“The most important thing we did during this process was to change the focus of the whole legislation from the rights of pharmaceutical companies to spread information to patients’ right to get the information they need and want,” said Swedish European People’s Party (EPP) MEP Christofer Fjellner, who drafted the reports for Parliament. “This proposal offers only improvements when it comes to the quality and amount of information available to patients,” he added.

Patients need to be able to get information from those who know the medicine best, said MEPs. Drugmakers should be able to provide basics information, such as on product characteristics, labelling and package leaflets, plus an accessible version of a drug’s assessment report, and should also be allowed to provide certain other non-promotional information, for example on price or packaging changes, but only with the approval of the individual member state authority, the legislators added.

While direct-to-consumer (DTC) advertising of prescription drugs is banned throughout the EU, interpretation of the rules by member states has varied, and Parliament’s solution is an outright ban on prescription drug information not only on television and radio, as the Commission proposes, but also in print media.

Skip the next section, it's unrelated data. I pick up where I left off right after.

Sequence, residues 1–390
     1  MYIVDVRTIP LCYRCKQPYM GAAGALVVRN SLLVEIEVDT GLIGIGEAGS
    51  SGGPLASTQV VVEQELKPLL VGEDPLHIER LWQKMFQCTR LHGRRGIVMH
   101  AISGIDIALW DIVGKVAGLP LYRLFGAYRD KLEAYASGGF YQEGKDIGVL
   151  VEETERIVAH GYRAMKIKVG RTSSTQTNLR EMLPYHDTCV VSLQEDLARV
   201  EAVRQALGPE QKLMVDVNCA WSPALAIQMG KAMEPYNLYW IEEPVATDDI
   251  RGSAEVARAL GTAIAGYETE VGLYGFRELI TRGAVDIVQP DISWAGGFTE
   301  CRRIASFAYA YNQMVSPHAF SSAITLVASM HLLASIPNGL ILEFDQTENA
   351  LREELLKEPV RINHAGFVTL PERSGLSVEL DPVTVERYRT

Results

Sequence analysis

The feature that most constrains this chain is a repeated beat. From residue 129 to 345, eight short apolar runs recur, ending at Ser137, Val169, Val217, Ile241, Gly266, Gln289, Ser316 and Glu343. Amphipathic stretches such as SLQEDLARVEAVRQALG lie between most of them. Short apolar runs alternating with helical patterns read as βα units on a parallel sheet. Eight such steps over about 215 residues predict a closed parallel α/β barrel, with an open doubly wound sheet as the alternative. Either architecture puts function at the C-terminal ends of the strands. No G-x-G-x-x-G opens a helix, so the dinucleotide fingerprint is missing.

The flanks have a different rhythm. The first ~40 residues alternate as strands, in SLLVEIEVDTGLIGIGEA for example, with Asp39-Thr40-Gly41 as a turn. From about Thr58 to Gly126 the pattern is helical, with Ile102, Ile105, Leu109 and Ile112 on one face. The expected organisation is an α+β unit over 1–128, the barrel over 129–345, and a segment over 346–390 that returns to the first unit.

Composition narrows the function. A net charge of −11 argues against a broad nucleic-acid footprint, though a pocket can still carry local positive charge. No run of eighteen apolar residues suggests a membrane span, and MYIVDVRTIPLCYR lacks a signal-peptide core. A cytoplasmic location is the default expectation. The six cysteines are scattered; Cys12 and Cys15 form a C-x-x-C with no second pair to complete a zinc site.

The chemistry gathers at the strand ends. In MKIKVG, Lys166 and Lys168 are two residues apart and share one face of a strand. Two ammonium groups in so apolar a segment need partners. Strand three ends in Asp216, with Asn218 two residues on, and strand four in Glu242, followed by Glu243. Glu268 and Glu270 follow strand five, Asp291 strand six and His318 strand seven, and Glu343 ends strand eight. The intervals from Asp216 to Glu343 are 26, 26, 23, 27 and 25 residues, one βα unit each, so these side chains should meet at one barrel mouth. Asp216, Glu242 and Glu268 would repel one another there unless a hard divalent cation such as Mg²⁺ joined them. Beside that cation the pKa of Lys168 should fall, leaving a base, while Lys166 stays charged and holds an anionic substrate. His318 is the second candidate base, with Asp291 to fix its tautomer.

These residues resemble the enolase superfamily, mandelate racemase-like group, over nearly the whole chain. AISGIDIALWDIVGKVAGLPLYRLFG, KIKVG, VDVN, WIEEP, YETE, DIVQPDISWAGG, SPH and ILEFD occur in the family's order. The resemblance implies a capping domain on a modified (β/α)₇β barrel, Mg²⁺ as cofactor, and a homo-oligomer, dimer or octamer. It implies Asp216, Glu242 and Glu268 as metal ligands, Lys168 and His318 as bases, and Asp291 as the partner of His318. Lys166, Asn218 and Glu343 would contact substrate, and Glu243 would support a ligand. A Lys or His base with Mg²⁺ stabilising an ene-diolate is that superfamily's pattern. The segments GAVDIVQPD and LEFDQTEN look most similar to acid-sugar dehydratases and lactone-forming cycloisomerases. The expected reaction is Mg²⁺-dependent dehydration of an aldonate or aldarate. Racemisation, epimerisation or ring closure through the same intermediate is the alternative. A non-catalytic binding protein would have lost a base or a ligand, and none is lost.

A further amendment (no 88), which sought to exclude from the Directive information on drugs which is provided to the patient by doctors, nurses and pharmacists, was rejected by the legislators.

Amendment 88 was particularly controversial, with critics such as Monique Goyens, director general of the European Consumers Organisation (BEUC), warning that it would allow drugmakers to publish “any kind of information, without any form of monitoring.”

“The pharmaceutical industry should not use the doctor’s office and pharmacies to promote their products. We fear an undue influence on the doctor/patient relationship. The adoption of the amendment would set up the worst-case scenario – promotional information given by those people whom patients trust the most,” said Ms Goyens, speaking ahead of the vote.